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We’ll get a sense of recent trends in consumer spending from the Commerce Department on Friday. But earlier this week, a couple of earnings reports from Dick’s Sporting Goods and Best Buy showed how the pandemic has been good for many retailers — by encouraging ways of shopping that can be more efficient, like ship-from-store or curbside pickup.
When Kristine Donley first decided to try curbside pick-up in the D.C. area during the pandemic, the idea felt to her a little … cringey. Like sending a personal shopper off to do her bidding while she waited in the car, looking at her phone.
“Geez, I hope I don’t come off like some privileged queen,” Donley said, laughing.
But before too long, Donley was using the service to pick up craft supplies at Michaels, Tupperware organizers from the Container Store. She even did a curbside return of shoes at Nordstrom.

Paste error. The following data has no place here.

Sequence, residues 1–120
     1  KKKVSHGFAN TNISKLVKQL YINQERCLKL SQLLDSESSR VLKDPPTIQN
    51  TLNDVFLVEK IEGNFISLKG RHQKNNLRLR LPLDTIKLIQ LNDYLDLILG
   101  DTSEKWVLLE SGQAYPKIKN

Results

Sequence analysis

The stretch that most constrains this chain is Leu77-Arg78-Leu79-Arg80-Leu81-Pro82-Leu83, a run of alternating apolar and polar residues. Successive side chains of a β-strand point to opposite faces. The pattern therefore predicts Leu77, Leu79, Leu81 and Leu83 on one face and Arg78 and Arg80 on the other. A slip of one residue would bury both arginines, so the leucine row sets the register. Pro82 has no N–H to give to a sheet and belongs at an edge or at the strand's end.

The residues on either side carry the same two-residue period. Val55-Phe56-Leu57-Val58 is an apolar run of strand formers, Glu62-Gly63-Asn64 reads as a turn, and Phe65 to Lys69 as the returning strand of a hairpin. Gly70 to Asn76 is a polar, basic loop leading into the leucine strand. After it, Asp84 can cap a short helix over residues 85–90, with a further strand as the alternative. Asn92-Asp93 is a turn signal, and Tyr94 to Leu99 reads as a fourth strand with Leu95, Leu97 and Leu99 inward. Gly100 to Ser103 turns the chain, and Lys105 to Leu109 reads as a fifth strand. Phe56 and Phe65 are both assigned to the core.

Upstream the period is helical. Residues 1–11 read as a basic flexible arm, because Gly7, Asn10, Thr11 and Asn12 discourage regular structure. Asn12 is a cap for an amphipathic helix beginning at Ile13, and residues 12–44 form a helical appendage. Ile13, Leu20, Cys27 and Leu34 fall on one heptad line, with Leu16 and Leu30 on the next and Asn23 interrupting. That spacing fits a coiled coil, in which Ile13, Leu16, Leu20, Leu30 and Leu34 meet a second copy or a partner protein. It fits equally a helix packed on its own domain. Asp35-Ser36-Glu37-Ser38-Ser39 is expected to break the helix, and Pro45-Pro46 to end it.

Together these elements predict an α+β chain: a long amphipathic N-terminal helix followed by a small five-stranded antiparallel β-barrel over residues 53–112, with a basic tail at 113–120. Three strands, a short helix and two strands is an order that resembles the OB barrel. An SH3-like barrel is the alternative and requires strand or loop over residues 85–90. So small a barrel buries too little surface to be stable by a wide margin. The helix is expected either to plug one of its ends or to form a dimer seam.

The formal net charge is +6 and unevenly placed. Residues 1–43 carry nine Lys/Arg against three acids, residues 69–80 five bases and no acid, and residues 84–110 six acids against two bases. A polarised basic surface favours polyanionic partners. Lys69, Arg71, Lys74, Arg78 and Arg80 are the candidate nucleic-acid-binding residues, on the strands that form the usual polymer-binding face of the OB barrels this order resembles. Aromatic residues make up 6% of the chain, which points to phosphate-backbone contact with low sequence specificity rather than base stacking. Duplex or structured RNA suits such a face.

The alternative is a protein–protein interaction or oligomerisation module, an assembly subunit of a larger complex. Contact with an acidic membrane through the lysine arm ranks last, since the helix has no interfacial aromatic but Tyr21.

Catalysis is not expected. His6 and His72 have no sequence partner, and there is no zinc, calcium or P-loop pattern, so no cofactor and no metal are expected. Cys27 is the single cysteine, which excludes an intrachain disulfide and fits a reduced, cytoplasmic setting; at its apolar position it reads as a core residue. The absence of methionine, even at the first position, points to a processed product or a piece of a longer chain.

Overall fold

“I am a person who does not like to shop in the store. And so, for me, it was a great option,” she said. Donley hopes stores will continue to offer it after the pandemic. There’s reason to think they will, said retail consultant Joel Rampoldt at AlixPartners.
“Curbside pickup is a great win because the retailer doesn’t have to deliver all the way to the consumer’s home,” he said.
Plus, it allows retailers to multitask with brick-and-mortar spaces and employees, said Chelsea Gross, an analyst with Gartner.
“It’s most efficient to leverage your physical stores,” she said. “They can actually manage both online orders from the fulfillment center, as well as the in-store shop with the kind of endless supply.”
The convenience for customers also makes curbside competitive with traditional e-commerce, according to Forrester analyst Sucharita Kodali.
“I think what they’ve discovered is that they’ve actually brought share back from companies like Amazon because the customer experience is actually delightful when, you know, you can just drive up to a store, they bring whatever you want out, you get it super fast,” Kodali said.
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